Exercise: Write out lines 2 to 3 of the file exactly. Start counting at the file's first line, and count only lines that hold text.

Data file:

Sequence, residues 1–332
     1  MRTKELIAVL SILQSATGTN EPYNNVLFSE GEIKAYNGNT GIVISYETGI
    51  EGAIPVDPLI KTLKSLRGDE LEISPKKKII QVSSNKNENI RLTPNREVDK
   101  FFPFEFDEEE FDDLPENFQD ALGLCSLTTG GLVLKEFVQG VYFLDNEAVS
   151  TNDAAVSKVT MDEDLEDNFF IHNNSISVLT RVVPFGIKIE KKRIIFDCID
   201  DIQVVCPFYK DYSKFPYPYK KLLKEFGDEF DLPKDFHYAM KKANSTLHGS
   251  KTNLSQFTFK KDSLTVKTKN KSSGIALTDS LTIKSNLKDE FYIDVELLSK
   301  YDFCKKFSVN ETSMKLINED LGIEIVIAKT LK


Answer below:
     1  MRTKELIAVL SILQSATGTN EPYNNVLFSE GEIKAYNGNT GIVISYETGI
    51  EGAIPVDPLI KTLKSLRGDE LEISPKKKII QVSSNKNENI RLTPNREVDK